Six days to go to get ready for Trooper.
My new service dog arrives next Monday, and yesterday a thick packet from Dogs for the Deaf came in the mail: a letter, a placement guide, a booklet of training instructions, and a questionnaire that amounts to a take-home test.
That extensive paperwork immediately upended my admittedly vague expectations.
Quite unlike a toaster oven that just needs to be plugged in, Trooper will not perform flawlessly right off the bat. He has been trained to “work sounds”—the phone, the doorbell, the smoke alarm, etc.—with the person who trained him. Transferring that training to a new handler—me—will take the better part of a week, with some fits and starts.
On Sunday night Laura, his trainer, and Jessica, a new certified trainer coming along to see how placements are made, will arrive by air with the pup from Central Point, Oregon. Starting Monday morning we will go over the fine points of what I can only describe as an operating manual, like that for a locomotive. For the next five days we will practice Trooper’s tasks inside and outside, including visits to restaurants, shops and supermarkets. We will pay a call to his new veterinarian for a meet-and-greet.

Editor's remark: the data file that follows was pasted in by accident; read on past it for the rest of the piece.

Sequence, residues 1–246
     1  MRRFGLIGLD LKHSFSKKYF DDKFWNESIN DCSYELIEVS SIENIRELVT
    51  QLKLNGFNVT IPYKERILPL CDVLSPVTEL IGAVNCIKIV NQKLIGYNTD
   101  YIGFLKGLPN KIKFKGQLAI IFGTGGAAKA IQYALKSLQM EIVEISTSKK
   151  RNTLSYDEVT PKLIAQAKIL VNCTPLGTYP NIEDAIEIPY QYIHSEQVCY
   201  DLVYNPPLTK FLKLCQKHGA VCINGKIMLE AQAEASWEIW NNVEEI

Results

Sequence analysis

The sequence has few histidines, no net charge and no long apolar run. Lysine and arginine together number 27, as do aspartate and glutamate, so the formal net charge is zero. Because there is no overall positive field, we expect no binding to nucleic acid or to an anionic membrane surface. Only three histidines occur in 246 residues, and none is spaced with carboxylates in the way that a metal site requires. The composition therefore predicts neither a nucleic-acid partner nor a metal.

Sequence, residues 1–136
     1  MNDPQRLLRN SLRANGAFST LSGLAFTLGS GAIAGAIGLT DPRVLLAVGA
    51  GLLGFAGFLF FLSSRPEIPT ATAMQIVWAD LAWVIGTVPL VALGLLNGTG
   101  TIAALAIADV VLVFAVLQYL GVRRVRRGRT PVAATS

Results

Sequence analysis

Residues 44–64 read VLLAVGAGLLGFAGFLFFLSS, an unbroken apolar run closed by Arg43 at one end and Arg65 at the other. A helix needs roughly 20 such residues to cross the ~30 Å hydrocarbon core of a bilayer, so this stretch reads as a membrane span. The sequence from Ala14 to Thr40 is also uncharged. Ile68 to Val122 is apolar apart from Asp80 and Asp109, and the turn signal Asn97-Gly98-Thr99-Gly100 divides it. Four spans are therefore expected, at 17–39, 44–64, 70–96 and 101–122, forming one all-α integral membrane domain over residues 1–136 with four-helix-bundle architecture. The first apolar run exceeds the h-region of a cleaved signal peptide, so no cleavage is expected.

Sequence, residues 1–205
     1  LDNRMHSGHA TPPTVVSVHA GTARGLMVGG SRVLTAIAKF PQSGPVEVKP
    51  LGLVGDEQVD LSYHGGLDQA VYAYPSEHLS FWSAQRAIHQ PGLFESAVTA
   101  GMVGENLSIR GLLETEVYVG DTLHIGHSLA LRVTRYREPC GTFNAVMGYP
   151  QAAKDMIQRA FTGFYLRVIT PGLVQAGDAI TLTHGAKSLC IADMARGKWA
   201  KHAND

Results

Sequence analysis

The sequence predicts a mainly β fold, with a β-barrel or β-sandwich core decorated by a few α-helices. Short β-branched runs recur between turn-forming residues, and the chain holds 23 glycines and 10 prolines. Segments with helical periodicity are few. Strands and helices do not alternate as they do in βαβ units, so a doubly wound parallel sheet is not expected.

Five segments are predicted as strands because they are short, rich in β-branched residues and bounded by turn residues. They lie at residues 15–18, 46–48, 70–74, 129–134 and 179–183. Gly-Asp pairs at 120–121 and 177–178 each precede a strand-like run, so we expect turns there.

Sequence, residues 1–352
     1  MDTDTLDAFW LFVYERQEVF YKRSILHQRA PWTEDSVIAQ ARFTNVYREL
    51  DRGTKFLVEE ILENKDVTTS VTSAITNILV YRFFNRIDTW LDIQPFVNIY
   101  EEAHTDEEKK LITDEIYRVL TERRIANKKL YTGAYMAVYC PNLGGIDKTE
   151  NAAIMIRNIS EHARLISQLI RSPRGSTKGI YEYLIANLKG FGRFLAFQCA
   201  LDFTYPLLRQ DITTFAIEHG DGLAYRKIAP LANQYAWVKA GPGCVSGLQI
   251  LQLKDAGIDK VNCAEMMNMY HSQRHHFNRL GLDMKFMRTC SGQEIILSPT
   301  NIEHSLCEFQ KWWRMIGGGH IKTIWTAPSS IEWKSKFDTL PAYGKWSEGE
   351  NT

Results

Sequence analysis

In this bonding endeavor, I am the one being trained. It’s going to be like boot camp, only without a drill sergeant to rip me a new one every time I screw up.
Next month Trooper and I will start obedience school. Of course that’s part of my training. I have to be taught how to keep the dog’s skills sharp, and if we are both lucky, we will learn some new ones. A skilled service animal needs a skilled service human.
It'll take the better part of a year, the manual says, before Trooper and I can be considered fully trained.
Tomorrow I’ll be dropping a small fortune at PetSmart for Trooper’s necessities—food, treats, a bed, dishes, toys, pee neutralizer just in case, poop bags, and the like.
This isn’t going to be cheap. But it’s clearly going to be an adventure. I hope I'm up to it.